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The Linux Foundation's "Community" Doesn't Look Very Community

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The first annual Linux Foundation's Linuxcon is in full swing, and it sure looks like the face of Linux is still a bearded one, despite the Linux Foundation's grand claims of Community. Perhaps they have a more limited definition of "community."

The Linux Foundation is not Linux, though it is positioning itself as such. They pay Linus Torvald's paycheck, and they are making him the Official Star of Linux. (He is already a bright shining star, so I guess some sort of official star status doesn't hurt.) Part of this was the Fake Linus Contest, which to me was baffling-- what's the point? If you're nattering on all the time about Community, how about having some genuine community contests like coding, documentation, artwork, interface design, ideas for engaging and teaching young people? Something that is attractive to everyone and has some lasting value, rather than yet another exercise in chummy insider-ness.

And check out the winning Fake Linus-- Matt Asay, who I would not characterize as any kind of great Linux advocate; his views on Linux and FOSS change as often as he publishes a new blog posting, which is several times a day. But at least Mr. Asay has some genuine FOSS creds.

Dan Lyons as contestant is just plain baffling. You might recall this is the same Dan Lyons who used to publish reams of anti-Linux trolling and pro-SCO guff for Forbes magazine. So what happened, wasn't Rob Enderle available? Or Maureen O'Gara? With Ms.O'Gara you get a twofer-- anti-Linux troll and your token woman. I suppose it's a play on his schtick as Fake Steve Jobs, which is about as relevant to Linux and community-building as any random celebrity impersonator. A Fake Elvis would have been better, then we would have some cool music to listen to.

We Are Too The Linux Community!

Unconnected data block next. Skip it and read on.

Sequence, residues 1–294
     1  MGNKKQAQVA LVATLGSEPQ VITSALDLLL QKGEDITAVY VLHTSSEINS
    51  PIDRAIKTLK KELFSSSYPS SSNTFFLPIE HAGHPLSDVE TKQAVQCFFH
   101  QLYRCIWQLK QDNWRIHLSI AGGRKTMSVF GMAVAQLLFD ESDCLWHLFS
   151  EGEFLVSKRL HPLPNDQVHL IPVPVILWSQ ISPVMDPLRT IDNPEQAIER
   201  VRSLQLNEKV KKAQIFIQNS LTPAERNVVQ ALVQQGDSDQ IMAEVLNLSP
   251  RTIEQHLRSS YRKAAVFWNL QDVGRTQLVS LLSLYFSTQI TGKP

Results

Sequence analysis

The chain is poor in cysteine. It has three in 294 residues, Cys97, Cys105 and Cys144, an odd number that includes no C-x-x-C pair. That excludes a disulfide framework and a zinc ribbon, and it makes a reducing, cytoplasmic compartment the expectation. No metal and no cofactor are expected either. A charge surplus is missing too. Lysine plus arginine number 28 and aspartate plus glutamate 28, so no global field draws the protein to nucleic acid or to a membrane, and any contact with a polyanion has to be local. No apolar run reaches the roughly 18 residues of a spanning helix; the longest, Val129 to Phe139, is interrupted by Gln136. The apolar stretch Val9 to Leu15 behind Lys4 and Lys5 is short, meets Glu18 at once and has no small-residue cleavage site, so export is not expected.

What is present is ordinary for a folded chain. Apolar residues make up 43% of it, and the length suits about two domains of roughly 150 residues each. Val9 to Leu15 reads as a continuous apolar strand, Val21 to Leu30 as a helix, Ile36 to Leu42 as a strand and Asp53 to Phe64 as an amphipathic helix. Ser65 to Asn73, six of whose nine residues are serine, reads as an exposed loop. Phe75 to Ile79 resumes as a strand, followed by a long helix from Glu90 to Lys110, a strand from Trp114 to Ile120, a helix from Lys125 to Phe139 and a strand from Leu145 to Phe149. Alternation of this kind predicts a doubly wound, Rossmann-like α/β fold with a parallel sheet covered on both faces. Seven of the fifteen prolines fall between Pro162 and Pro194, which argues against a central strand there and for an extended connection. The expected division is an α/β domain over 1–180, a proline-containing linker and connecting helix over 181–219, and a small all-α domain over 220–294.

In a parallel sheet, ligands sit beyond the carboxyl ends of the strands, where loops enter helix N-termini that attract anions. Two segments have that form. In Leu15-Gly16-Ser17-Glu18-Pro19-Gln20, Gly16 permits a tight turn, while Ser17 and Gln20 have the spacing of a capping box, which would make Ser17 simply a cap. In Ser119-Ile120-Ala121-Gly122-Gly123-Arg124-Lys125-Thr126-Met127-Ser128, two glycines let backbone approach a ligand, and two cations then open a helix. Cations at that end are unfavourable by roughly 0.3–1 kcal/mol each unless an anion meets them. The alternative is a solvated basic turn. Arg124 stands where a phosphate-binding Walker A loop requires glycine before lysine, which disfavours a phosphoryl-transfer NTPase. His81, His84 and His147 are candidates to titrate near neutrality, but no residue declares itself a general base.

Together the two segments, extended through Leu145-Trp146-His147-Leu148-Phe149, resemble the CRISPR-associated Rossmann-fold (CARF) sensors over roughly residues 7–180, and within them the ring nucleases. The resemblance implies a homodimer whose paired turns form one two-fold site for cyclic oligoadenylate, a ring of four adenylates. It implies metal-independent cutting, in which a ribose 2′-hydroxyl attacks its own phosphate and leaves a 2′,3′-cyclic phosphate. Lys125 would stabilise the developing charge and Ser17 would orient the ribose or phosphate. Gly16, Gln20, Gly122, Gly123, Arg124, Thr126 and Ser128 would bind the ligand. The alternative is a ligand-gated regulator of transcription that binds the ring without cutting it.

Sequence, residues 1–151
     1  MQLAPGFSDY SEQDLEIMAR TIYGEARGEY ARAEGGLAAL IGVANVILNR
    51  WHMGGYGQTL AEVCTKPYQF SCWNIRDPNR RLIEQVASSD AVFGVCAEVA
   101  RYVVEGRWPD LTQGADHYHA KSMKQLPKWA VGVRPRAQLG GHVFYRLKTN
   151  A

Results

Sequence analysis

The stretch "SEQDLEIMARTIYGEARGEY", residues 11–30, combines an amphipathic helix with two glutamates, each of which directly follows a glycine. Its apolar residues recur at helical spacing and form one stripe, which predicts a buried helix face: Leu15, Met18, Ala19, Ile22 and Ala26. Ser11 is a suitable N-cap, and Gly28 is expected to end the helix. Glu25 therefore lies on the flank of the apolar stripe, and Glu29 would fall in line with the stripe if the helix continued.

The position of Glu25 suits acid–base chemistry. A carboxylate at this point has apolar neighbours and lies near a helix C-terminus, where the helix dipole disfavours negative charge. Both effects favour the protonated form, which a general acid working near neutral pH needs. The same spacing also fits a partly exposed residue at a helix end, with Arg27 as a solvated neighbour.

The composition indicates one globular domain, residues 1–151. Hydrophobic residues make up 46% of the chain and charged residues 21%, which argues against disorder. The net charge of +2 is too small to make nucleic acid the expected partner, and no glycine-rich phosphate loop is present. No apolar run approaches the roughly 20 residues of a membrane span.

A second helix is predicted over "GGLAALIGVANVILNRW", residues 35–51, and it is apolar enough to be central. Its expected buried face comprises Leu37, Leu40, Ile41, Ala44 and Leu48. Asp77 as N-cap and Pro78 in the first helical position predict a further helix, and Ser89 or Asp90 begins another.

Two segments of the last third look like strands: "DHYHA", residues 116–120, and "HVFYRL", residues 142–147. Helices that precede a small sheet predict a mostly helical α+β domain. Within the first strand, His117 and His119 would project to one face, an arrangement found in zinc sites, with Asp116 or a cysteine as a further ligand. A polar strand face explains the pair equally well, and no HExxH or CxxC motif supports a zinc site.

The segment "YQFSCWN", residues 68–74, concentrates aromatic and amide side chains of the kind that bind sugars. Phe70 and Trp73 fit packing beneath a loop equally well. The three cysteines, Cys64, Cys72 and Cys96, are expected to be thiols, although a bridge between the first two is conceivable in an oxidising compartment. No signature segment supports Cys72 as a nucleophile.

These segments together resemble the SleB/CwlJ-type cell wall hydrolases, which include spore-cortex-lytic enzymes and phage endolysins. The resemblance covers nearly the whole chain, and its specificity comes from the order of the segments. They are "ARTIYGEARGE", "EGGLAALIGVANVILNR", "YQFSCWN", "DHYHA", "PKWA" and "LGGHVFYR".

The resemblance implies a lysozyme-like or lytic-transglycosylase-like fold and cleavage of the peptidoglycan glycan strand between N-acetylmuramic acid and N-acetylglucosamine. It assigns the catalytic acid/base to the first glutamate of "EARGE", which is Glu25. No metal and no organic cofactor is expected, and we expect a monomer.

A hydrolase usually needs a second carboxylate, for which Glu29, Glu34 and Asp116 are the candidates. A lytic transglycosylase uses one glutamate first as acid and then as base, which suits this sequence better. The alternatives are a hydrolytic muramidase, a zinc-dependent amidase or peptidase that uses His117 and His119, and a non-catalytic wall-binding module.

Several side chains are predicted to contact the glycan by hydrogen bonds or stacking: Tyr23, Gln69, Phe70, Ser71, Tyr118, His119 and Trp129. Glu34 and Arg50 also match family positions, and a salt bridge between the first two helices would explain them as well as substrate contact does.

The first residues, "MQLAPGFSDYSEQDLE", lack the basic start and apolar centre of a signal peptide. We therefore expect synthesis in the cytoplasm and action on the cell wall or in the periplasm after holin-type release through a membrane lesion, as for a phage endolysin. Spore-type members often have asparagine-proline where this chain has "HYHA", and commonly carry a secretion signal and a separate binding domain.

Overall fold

The Linux Foundation makes much big noise about Community, of the Community, by the Community, and for the Community. It's a pretty doggone limited community, check out the faces on the 1st Annual LinuxCon page. Sorry, I must apologize, for it does symbolize diversity-- a diversity of facial hair, from clean-shaven to traditional geekbeard to neatly-trimmed corporate beard to the contemporary I-spent-an-hour-grooming-my-stubble-to-look-like-I-just-rolled-out-of-bed look. And by golly that is a communty represented there-- a corporate community.

The schedule of talks looks a little more enticing and not quite so corporate-driven. Lots of great subjects, a gaping dearth of women presenters.

I'm guessing some of my friends at the Foundation and at Linuxcon might be a bit upset with what I'm saying. They work hard and put a lot of themselves into the Foundation and Linux. That makes us even because I'm upset with them, because in this here year of 2009, well into the new millennium, it's ridiculous to be this tone-deaf towards women in Linux and FOSS. It's no good talking about going mainstream, and big growth, and rosy visions of the future without having a grasp on the fundamentals of the here and now. The here and now is dismal. Linux is hampered by its lack of real diversity and growth in numbers of new contributors: hardly any women, 1.5% according to the FLOSSPOLs study, and any man or woman who doesn't have rhino hide and near-sociopathic stubbornness is not going to stick around.

How do we attract and retain new contributors? By reaching out, and by providing help and mentoring to get new contributors off to a good start. By presenting a variety of highly-visible role models. By valuing all contributors, because coding is just the beginning. Ongoing software maintenance and improvements, ongoing user support, documentation, providing a welcoming path to turn users into contributors, artwork and music, site design, marketing and talking to the press, and on and on...it's not enough to fling some code out into the world and hope something good happens.

Linux is at a crucial crossroads now. We can show some real vision and leadership and create a great future, and show the world how it's done. Or we can stay trapped in the old rut of sink-or-swim, Kevlar hide required, and continue to muddle along in the same old way. There is nothing visionary about ruts.

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